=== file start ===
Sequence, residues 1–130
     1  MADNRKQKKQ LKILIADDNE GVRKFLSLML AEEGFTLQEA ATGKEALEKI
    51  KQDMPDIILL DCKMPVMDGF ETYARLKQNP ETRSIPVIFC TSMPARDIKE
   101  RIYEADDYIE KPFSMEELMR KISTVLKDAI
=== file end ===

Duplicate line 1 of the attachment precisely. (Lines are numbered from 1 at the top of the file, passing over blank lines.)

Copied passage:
Sequence, residues 1–130